Marks Daily Apple
Serving up health and fitness insights (daily, of course) with a side of irreverence.
16 Feb

The Myriad Benefits of Intermittent Fasting

intermittentfastingCalorie restriction is all the rage in anti-aging circles. A few mice and worm studies seem to show that drastic reductions in food intake over a long period of time have the effect of prolonging life – although I’m not sure I’d call it living. For one, these animals are actually restricted. There’s no ad libitum access to food. They’d prefer to eat more, but are prevented from doing so. I guarantee you they’re unhappy and, if they could put (cartoonish high-pitched) voice to physiological state, would say they’re starving.

Anyway, humans have picked up on this calorie restriction stuff. You might have seen one or two CR gurus giving TED talks; the exposed rib cages, gaunt faces, and complete lack of lean muscle mass are dead giveaways. Okay – that’s a bit unfair. CR is a legitimate way to improve many health markers. I’m just not convinced actively restricting your calorie intake through sheer will is the true path to enjoyable longevity. I’d rather be robust, vibrant, and full of zest. I want to eat big strapping meals of steak and veggies smothered in butter without counting calories. On occasion, I like to devour an entire roasted chicken (yeah, yeah, chicken has more omega-6 than most animals, but I’ll live). I want to maintain muscle mass and have enough energy to go on long hikes and have the legs to still leap for high passes (over the young guys) at the end of Ultimate games. And as I appreciate the neuroprotective and autophagy-promoting qualities of calorie restriction, I’d rather not expend the mental energy and fortitude required to maintain such a regimen day-in and day-out. Nor would I willingly subject myself to forced calorie restriction, a la the lab mice. No human-sized rat cages for me, even if they include a salt lick and a running wheel (don’t get any ideas, Blaisdell). Based on the science, I don’t think all that is necessary. I’ll just IF instead.

Fasting is one way to have your cake and eat it too. Beyond the already proven benefits of a Primal Blueprint low-carb lifestyle, fasting once in a while seems to offer many of the same benefits of calorie restriction – you know, stuff like increased longevity, neuroprotection, increased insulin sensitivity, stronger resistance to stress, some cool effects on endogenous hormone production, increased mental clarity, plus more - but without the active, agonizing restriction. You just eat Primally, focusing on meat and vegetables with plenty of animal fat, and skip meals on occasion. A sixteen-hour fast is on the low-but-still-effective end (you could easily maintain a daily sixteen hour IF regimen, giving you an eight hour eating window, a la Leangains), or you could opt for longer, more intermittent fasts – say, a full twenty-four hours once or twice a week. When you’re done with the fast, eat as much as you want (which usually isn’t an issue, once you’re PB-adapted). It essentially turns into “eat when you’re hungry,” because let’s face it: eating the types of foods we evolved eating induces powerful satiety and makes eating the right amount of food a subconscious act. Fasting becomes a whole lot easier (and intuitive) when you’ve got your food quality dialed in. And I’ll come back to that little caveat at the end here.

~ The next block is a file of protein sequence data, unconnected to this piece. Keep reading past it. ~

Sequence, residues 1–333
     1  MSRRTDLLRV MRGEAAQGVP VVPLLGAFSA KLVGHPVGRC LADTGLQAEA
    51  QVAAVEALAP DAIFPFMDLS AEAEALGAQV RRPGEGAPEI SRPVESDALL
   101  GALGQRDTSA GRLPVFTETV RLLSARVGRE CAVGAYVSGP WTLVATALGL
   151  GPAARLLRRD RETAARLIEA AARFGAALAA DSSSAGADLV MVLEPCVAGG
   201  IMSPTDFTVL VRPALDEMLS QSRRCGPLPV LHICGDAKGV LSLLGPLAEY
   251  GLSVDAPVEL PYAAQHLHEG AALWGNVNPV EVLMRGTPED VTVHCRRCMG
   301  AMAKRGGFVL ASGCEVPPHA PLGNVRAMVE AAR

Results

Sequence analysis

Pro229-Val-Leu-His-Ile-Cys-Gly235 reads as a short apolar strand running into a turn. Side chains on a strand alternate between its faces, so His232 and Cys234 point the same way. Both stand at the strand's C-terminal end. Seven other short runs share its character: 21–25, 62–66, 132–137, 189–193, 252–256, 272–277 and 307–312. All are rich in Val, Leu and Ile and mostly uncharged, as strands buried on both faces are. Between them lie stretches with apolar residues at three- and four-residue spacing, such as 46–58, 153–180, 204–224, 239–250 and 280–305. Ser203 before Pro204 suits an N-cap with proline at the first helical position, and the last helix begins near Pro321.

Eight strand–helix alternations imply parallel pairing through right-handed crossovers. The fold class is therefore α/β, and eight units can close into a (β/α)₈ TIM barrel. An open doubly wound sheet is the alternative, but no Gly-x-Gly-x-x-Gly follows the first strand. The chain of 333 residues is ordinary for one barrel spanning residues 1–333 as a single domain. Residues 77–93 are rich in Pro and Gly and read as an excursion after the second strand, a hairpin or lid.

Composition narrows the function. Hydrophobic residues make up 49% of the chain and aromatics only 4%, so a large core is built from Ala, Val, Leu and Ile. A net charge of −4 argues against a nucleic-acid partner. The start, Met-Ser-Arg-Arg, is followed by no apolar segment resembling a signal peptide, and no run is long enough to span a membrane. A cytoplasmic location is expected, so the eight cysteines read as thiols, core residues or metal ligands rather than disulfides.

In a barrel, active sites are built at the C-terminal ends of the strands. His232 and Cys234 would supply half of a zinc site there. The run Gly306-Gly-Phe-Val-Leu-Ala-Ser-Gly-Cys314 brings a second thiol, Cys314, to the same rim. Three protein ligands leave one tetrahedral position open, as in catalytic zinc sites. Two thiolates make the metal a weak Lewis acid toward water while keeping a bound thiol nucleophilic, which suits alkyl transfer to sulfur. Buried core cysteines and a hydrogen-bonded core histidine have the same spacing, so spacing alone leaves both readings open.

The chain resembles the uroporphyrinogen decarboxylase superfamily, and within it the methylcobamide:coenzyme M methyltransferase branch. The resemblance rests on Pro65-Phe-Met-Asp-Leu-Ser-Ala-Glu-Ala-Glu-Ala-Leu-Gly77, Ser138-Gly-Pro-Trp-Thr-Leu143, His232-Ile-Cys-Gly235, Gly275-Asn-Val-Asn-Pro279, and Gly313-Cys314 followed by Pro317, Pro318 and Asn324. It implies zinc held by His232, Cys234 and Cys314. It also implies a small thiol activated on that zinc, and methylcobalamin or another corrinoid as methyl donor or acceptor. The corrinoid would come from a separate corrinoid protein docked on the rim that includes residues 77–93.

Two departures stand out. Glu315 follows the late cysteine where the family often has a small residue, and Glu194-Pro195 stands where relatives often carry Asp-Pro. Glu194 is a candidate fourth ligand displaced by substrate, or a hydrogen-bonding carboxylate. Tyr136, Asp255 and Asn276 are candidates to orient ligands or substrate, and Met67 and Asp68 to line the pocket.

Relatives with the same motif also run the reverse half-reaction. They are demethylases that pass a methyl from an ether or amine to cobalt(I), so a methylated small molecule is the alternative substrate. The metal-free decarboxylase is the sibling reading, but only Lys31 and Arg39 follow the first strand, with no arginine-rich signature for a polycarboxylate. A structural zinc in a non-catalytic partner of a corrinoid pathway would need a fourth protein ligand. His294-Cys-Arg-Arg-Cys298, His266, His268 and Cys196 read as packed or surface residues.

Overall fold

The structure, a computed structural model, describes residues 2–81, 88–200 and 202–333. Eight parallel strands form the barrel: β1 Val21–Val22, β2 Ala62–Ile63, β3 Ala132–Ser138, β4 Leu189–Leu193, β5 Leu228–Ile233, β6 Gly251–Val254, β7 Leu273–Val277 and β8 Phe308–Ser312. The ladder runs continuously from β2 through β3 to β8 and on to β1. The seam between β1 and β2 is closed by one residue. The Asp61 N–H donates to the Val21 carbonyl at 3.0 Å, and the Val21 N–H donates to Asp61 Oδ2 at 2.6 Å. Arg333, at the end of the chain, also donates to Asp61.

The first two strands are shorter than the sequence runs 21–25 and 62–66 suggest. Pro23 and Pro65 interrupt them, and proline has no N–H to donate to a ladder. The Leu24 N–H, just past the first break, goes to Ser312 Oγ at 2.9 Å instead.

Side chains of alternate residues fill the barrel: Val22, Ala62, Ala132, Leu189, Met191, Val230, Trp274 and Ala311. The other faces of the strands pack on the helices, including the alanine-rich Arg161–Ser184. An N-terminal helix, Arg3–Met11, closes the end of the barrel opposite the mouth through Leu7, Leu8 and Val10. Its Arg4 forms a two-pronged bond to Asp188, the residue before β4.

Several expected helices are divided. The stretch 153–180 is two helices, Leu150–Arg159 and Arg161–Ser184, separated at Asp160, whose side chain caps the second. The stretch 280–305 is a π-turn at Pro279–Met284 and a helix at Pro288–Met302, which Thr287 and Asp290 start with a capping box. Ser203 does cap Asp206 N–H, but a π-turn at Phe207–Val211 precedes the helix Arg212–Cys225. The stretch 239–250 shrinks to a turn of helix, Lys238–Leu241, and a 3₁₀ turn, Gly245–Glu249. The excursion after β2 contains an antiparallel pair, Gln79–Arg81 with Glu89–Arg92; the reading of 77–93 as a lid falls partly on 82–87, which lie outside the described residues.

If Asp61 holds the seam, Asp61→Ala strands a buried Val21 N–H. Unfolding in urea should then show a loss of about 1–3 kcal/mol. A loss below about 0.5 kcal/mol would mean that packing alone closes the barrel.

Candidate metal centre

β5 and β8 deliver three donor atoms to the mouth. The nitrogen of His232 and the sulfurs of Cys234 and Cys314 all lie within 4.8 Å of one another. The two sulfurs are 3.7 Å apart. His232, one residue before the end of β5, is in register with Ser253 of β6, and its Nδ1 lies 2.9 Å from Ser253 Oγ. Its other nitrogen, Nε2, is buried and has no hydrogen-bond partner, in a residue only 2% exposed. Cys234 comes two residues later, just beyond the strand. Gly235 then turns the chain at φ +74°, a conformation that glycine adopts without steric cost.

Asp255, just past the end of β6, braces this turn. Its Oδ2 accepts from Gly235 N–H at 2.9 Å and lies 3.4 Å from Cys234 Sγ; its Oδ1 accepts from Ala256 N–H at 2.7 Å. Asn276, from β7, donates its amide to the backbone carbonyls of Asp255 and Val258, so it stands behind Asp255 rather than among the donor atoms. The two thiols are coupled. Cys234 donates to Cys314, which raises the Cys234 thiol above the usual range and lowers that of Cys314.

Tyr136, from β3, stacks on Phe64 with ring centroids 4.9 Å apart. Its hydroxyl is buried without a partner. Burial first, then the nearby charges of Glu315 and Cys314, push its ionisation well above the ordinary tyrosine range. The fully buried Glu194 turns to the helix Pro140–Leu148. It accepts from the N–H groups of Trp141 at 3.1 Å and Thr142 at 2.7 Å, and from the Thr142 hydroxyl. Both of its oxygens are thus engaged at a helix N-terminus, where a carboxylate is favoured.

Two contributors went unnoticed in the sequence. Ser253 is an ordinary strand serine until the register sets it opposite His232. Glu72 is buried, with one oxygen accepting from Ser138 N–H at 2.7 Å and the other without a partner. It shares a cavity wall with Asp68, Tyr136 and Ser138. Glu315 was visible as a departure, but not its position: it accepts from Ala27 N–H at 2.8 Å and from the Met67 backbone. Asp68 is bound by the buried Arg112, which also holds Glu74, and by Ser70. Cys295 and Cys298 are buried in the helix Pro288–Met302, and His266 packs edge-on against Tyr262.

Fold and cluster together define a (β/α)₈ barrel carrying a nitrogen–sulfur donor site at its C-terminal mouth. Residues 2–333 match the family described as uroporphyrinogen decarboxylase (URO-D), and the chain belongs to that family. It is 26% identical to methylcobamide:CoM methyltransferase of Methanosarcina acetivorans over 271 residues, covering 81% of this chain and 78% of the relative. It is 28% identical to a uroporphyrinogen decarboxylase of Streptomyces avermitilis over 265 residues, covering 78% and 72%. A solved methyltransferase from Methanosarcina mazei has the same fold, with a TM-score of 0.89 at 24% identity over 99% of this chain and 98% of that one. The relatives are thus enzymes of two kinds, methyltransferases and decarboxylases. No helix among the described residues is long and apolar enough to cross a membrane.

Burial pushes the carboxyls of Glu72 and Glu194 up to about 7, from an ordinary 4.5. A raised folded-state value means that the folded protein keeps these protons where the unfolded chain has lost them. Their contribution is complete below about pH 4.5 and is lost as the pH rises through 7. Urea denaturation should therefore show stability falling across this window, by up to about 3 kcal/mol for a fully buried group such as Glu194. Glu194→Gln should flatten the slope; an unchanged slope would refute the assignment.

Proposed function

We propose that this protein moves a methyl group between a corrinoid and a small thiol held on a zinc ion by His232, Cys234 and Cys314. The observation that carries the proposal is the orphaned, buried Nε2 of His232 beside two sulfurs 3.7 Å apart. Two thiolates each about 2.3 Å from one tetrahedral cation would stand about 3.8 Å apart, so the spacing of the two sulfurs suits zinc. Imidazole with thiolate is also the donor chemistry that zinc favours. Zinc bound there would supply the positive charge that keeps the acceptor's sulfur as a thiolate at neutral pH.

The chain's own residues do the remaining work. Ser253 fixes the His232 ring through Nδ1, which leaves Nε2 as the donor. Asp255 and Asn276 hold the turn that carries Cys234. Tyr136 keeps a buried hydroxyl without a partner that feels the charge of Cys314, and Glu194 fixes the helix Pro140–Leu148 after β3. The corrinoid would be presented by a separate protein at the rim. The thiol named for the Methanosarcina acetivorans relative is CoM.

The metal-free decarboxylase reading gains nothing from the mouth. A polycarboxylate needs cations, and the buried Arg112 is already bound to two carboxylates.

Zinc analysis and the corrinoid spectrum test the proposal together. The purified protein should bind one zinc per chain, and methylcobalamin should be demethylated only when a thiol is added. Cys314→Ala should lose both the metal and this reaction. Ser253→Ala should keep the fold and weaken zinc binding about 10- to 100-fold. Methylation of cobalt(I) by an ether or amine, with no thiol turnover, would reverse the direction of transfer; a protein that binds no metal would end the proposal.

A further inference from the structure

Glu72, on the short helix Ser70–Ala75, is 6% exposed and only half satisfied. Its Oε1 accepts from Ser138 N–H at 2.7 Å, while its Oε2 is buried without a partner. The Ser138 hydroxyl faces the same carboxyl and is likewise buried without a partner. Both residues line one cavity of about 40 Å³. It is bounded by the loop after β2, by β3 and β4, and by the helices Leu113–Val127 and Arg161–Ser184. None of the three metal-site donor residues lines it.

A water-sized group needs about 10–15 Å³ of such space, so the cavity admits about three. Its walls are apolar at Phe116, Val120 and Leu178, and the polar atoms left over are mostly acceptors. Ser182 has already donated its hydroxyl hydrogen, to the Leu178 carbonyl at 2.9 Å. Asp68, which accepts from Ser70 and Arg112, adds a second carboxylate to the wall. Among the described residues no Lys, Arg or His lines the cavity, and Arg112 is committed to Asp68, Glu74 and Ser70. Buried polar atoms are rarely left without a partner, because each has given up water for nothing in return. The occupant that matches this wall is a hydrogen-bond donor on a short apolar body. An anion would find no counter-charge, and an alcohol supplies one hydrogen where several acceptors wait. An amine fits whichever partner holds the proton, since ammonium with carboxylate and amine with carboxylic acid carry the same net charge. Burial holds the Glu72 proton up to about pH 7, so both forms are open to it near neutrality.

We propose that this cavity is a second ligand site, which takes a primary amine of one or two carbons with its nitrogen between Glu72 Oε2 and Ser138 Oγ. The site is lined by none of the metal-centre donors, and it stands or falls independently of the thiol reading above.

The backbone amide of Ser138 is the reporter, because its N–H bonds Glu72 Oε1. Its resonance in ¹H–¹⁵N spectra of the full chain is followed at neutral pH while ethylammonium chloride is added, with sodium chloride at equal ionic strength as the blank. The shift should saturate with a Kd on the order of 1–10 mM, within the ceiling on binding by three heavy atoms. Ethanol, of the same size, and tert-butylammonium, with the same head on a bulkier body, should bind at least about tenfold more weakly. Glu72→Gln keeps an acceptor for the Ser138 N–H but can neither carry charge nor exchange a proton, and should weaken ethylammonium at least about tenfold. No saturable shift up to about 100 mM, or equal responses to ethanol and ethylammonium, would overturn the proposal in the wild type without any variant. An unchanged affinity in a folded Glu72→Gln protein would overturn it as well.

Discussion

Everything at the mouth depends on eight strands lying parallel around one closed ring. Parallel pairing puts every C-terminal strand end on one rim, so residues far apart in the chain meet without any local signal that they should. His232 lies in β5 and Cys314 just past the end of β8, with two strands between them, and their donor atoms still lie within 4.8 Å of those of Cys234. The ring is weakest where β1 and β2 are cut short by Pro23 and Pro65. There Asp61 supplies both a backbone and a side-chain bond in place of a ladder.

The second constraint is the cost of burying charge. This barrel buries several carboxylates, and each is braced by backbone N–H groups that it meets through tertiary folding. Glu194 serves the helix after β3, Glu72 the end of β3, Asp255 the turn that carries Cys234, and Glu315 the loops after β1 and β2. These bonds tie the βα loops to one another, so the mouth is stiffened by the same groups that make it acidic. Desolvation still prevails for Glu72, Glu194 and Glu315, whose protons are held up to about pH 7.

“Fasting” was the top search term for MDA last week, and I hadn’t done a big post on it in a while, so I thought I’d do a comprehensive rundown of all the benefits (some conclusive, others prospective) you can expect to obtain from IF.

Longevity

Everyone wants to live longer, but I find longevity pointless if you’re not enjoying yourself. Otherwise, life becomes dreary. Consider the plight of the vampire – he lives a long, lonely life, never really connecting with anyone, never really enjoying all the time he has at his disposal. If the suggested longevity benefits of fasting pan out, I think we can enjoy the vampire’s longevity (and perhaps even some of his incredibly immune and restorative properties) without the downsides. Oh, and we’ll eventually have to die, but we have the option of sunbathing.

The popular c. elegans worm enjoys increased longevity with both twenty-four and forty-eight hour IFs via signaling through a gene that we all have.

One study (full PDF) from the 1940s found that varying amounts of twenty-four hour IFs (every other day, every fourth day, every eighth day, etc) prolonged the lifespan of rats without retarding or stunting the growth (as occurred with calorie restricting them). Female rats responded best to every eight day fasts, while males responded best to every other day fasts.

Reductions in brain insulin signaling have been shown to increase lifespan in animals, either by calorie restricting or actively knocking out brain insulin receptors. Fasting also reduces brain insulin signaling, at least in rats.

Blood Lipids

Going in and pharmaceutically manhandling your cholesterol synthesizing equipment is one thing; eating real food and exercising, resulting in possible alterations to your lipid profile, is another. We don’t set out to force your blood lipids into submission, but lifestyle changes that happen to change them for “the better” are usually a good thing. Fasting brings potent changes to blood lipids in an “organic” way – you’re just letting your machinery do its thing on its own – and this is probably a very good thing.

IF is as or more effective than calorie restriction in improving metabolic syndrome markers in overweight women, and it’s a whole lot easier to stick with.

Alternate day fasting improved cardiovascular risk markers, including lowered triglycerides and LDL-C numbers (although it’s unclear whether the improvements were related to the weight loss alone or something unique to fasting).

I discussed this last week, but it can’t hurt to mention that short-term alternate day fasting wrought improvements in LDL particle size and distribution in obese adults.